Top court to weigh school ban on kirpan

Quebec, Canada - Gurbaj Singh Multani was horsing around in the yard of his Montreal elementary school in late 2001, when a ceremonial dagger, a kirpan, his Sikh religion requires him to wear dropped out.

Worried for the safety of their children, hundreds of parents quickly put pressure on the school board to invoke a zero-tolerance policy toward weapons. Unwilling to submit, the Multani family responded by moving the 12-year-old to a private school and suing the school board.

"We cannot give up our religion," the boy's father, Balvir Singh Multani, said in an interview.

Two sensitive issues that were raised by the incident -- religion and the safety of schoolchildren -- collide today in the Supreme Court of Canada when the Multani case is heard.

It has reignited a controversy that had been dormant since the 1990s, when school boards in cities such as Toronto and Vancouver compromised with Sikhs. In return for being allowed to wear the kirpan, a blunt metal object shaped like a dagger, it was agreed that Sikh children would carefully bind and conceal them.

However, the compromises meant that the Supreme Court never heard a kirpan case. With the Multani case thus set to become the first national precedent, an adverse decision for the Multani family could prompt thousands of baptized Khalsa Sikhs to withdraw their children from public schools, en masse.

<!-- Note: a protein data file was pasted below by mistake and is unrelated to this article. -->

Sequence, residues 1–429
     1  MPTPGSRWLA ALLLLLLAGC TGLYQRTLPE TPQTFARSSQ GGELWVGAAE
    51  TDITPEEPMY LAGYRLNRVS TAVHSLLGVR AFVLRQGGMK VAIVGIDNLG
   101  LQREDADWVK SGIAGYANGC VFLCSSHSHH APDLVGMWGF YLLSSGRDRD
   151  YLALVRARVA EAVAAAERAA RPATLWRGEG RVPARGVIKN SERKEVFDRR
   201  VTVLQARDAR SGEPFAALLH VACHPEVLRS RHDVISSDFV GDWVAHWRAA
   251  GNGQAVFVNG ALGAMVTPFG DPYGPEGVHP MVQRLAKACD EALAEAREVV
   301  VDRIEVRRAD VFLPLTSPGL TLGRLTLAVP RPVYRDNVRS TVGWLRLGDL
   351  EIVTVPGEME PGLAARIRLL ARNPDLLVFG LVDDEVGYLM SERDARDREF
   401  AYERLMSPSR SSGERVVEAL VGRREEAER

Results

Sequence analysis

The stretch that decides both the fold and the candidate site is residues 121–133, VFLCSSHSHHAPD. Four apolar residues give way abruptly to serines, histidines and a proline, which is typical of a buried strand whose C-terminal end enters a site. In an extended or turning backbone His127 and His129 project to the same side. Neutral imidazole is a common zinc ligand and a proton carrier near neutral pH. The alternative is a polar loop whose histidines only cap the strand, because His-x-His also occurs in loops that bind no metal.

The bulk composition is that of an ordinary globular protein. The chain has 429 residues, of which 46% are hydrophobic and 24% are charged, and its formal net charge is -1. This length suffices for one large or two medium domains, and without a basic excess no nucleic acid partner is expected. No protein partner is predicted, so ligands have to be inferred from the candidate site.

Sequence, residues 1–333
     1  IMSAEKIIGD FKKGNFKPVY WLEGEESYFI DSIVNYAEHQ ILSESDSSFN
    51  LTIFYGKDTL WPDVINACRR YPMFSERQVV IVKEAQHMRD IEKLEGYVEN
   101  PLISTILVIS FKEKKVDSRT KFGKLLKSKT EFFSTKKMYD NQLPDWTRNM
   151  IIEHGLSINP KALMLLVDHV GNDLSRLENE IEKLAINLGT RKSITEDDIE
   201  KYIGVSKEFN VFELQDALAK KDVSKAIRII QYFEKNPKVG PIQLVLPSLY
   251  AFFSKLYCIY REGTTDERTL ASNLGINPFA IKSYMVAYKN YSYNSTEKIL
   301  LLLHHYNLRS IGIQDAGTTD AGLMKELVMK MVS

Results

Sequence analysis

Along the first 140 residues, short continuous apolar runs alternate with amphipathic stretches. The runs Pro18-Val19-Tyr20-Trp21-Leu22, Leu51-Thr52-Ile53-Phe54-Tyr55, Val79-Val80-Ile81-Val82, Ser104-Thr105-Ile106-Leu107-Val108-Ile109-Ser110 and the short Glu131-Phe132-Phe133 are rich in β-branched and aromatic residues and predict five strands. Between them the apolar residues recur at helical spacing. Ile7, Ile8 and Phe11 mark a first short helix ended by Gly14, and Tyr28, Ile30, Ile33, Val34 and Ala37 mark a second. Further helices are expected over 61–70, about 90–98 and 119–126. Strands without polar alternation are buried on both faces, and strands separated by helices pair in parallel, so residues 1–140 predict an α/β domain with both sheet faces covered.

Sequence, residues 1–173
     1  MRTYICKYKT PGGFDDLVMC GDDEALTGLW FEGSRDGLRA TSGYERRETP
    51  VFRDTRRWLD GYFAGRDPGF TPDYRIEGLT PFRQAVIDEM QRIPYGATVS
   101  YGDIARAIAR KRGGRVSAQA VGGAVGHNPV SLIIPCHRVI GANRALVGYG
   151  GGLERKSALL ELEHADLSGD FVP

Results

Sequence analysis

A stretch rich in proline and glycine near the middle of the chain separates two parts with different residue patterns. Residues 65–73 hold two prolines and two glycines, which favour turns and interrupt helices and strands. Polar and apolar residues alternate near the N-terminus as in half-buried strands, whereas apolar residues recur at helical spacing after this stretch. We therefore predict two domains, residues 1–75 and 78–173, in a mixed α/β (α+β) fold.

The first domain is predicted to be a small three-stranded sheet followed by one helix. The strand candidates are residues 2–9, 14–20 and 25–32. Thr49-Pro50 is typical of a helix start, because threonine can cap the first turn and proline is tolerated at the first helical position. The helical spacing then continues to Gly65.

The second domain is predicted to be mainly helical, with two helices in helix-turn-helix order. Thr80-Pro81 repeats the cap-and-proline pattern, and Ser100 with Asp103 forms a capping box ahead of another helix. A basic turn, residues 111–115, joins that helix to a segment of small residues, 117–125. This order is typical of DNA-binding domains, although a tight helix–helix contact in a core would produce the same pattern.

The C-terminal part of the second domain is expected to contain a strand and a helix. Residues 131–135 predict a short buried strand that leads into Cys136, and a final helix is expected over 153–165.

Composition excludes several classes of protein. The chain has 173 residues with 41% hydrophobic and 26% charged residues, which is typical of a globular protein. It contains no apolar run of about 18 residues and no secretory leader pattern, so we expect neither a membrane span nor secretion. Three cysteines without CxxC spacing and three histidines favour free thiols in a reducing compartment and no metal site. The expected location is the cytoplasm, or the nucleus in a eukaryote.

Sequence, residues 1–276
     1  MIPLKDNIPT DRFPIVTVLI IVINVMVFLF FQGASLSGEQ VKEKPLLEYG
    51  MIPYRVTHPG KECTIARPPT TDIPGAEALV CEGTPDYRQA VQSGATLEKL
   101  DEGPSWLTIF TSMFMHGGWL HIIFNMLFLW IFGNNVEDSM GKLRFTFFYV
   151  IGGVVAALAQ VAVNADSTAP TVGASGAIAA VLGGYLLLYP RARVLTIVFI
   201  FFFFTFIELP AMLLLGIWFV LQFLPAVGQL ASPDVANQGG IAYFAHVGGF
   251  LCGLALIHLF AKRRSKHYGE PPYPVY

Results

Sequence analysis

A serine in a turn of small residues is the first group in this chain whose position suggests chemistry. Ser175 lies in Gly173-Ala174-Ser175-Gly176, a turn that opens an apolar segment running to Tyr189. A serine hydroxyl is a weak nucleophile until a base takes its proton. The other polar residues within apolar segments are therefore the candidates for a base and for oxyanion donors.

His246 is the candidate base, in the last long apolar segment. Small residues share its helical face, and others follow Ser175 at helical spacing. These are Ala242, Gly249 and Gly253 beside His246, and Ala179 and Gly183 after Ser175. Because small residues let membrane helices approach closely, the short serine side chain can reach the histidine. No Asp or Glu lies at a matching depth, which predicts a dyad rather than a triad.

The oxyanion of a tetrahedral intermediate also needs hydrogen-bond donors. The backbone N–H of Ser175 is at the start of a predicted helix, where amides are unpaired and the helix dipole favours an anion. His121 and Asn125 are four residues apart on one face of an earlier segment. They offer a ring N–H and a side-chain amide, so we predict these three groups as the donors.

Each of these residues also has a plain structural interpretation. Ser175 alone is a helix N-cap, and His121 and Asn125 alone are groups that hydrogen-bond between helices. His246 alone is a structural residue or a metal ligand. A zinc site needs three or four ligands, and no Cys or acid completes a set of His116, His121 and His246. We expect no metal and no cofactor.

Fearful of just such a result, the Ontario Human Rights Commission has filed legal arguments in the case, warning the court that by siding with the Commission Scolaire Marguerite-Bourgeoys it "would change the nature and scope of human rights protection in Ontario, and negatively affect the most vulnerable in society."

A Canadian Civil Liberties Association brief agrees, stating: "The 'zero tolerance' policy makes no attempt to accommodate religious freedom or even to balance the competing rights and interests at stake."

The Quebec government has also weighed in, supporting the Montreal school board. It argues in a Supreme Court brief that violent incidents in schools have become so common that it is foolish to take risks with any potential weapon.

But a lawyer for the Multani family, Julius Grey, argues that if kirpans are seen as unacceptably dangerous, then so are pens, geometry compasses, automobiles and ceremonial maces.

"A central point I will be making involves the danger of taking security too far," Mr. Grey said in an interview.

"How far can you restrain religious freedom?"

The Multanis won their case at trial, but the Quebec Court of Appeal ruled 3-0 to uphold the authority of the school board.